Stories around skills gap have become an inconsequential buzz to some company men. But for HR professionals who are tasked with the job of getting and retaining top talent, it’s an earworm that keeps them up at night.
One of the more prevailing skills gap exists in the digital sector. In Africa – which is reputed to have the fastest-growing digital consumer market and the largest working-age population in the world – more digital solutions are being deployed which naturally engender an abiding need for digital skills.
Even with companies like Andela building coding capacity across five African countries and local governments’ effort to increase digital fluency (eg. the Code Lagos initiative of the Lagos State, Nigeria, Kenya’s Laptops for Schools project, and the Digital Ambassadors Program in Rwanda), employers across Africa are still plagued with inadequately trained workforce.
According to a World Economic Forum report from May 2017, up to 41% of firms in Tanzania and 30% in Kenya claim that skills gaps is a major impediment to their organizational processes. On the other end of the spectrum, 9% in South Africa and 6% in Nigeria say that skills gap is less of an impediment.
The bigger picture however is that, regardless of how wide the skills gap appears to be right now, it will only get wider. The trend will hit the skids across Africa in the future as more jobs become higher-skilled with higher ICT intensity. A telling data point for the rest of Africa; 39% of core skills required across occupations in South Africa will be wholly different by 2020.
It gets only worse
Chances are that the results of the different stabs at digital upskilling initiatives might catch up with demands, but better odds are that it won’t. In many African countries, intensive ICT / STEM training is still not a core part of the curricula. As early as 2016, one percent of African children leave school with basic coding skill according to estimates by SAP, the enterprise software company.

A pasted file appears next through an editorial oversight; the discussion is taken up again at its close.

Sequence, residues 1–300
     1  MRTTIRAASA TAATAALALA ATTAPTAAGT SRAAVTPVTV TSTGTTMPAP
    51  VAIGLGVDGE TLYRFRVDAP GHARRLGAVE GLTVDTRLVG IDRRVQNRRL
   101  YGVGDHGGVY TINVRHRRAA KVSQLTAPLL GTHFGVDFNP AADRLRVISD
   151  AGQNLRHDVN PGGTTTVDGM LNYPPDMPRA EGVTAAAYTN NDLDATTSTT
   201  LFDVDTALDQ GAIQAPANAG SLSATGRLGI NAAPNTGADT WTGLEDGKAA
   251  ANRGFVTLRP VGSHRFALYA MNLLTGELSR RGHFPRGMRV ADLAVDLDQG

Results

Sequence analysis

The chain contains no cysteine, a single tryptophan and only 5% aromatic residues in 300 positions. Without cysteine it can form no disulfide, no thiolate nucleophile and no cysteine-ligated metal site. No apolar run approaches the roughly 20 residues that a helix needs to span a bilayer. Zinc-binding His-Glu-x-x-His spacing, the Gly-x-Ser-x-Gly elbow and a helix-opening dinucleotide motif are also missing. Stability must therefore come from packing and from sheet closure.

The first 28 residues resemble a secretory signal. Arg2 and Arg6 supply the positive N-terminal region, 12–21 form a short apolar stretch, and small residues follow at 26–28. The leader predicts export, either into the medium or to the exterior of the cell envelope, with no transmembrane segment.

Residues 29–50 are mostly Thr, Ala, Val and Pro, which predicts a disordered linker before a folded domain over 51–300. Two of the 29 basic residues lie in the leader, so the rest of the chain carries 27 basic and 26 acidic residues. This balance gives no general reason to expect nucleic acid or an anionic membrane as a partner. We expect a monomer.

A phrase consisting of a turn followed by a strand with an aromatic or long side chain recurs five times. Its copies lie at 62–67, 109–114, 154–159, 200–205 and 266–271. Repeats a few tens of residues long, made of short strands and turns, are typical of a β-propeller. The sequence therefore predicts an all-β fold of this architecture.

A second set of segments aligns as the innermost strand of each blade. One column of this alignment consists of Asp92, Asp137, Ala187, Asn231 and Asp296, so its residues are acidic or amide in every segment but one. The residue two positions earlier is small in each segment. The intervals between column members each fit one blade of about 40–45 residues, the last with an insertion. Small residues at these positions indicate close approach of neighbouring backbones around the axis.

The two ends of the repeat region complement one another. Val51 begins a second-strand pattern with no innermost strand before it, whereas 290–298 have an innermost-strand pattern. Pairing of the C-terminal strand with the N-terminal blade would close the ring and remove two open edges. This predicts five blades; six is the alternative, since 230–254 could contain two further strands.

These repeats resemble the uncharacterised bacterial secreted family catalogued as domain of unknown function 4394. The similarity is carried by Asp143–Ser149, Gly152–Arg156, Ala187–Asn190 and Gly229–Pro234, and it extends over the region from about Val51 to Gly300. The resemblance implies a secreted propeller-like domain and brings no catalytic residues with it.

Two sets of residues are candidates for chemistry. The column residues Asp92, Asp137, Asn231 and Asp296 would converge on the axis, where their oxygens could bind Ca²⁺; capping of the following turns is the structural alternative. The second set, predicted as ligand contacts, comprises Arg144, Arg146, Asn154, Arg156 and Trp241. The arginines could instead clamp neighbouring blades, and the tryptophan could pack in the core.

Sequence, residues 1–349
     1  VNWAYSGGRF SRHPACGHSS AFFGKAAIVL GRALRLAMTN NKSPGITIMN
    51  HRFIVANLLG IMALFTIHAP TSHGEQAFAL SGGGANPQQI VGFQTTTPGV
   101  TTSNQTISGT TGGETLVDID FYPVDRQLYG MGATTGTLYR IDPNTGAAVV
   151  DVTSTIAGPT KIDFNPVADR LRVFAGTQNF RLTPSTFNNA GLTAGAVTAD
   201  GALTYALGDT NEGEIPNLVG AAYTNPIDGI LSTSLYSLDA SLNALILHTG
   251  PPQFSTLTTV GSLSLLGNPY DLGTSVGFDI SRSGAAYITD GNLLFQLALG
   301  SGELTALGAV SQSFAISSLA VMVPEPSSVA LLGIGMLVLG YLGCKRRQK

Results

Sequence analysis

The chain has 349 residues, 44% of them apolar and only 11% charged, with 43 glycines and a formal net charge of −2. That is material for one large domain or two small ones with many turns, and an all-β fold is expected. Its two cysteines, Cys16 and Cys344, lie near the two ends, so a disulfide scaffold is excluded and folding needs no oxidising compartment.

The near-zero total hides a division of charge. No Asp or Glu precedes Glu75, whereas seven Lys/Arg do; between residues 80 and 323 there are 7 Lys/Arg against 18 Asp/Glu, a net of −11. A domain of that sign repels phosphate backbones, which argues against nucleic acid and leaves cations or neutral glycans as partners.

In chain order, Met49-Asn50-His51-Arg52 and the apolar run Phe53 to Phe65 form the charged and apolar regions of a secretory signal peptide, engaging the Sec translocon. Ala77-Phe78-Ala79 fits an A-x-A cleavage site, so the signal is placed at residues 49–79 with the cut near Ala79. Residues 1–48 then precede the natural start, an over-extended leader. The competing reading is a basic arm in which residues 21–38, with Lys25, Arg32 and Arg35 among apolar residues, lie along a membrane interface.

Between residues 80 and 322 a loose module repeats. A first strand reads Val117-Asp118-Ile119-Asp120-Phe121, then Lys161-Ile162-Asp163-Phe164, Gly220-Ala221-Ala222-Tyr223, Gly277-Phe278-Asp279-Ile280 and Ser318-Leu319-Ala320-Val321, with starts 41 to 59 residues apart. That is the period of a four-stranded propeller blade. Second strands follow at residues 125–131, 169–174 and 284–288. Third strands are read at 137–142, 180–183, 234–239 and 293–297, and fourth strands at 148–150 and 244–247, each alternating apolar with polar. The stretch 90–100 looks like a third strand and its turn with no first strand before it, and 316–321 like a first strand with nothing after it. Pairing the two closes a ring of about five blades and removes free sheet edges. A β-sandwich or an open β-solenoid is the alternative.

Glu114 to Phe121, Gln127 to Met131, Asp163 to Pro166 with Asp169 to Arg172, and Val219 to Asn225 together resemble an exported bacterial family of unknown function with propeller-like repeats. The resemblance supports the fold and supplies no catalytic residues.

So, as much as one might want to wish the gap away, the frantic calls from HR offices to headhunters and anxious sweaty-palmed scrolling through LinkedIn profiles will only get more intense in the foreseeable future.
Could there be a way, though, that companies would cut in front of the fated skills gap apocalypse?
Recalibrating talent hunt
As more African companies scramble to fill positions with digitally-fluent employees, perhaps the search lenses should be recalibrated and turned inward.
In the increasingly competitive market for talent, one way to save your processes from careening into mere anarchy is to retrain existing company resources. Some companies already explore this option.
Box, the file-sharing and collaboration software company, for example, found a viable pipeline for their solutions engineering vacant positions in their existing customer support team. A move that allowed them to fill open technical roles and also “retain the institutional and product knowledge our best-performing employees had already developed,” Matt Norton, Box VP of engineering explained in an interview. Flexport, a shipping software company has also explored this alternative as it tried to layer a smart solution on a stodgy shipping industry.
Schneider Electric which employs over 160, 000 people worldwide also offers dedicated academies for executive development, energy solutions, and other functional skills. For the company, it’s an intentional move to make the employees “stronger and more committed leaders of our organization in the future.”
It’s tempting to see these companies (and possibly others like them) as HR revolutionaries, but the idea of staff retraining is not new. And maybe these companies are revolutionaries in a contemporary sense, but until the 1990s, retraining ruled at companies like IBM.
The blink-and-you-might-miss-it zeitgeist of the 90’s IT-fuelled workforce compelled companies to start replacing old hands with workers offering new skills, instead of retraining.
An idea like this beguiles one to think that retraining solves the problems of HR frantic calls and Monday morning of breaking out in cold sweat. It does not.
The fact remains – and painfully so – that companies will not be able to retrain all staffers. More so, not all staffers will grasp the new concepts. Most high-skilled jobs like coding are academically very rigorous.
While a smart buffer, a retraining strategy is hardly a permanent fix. But at least, you – the HR professional – can justifiably be free to crack a smile once in a while and scroll through LinkedIn with a little less angst.
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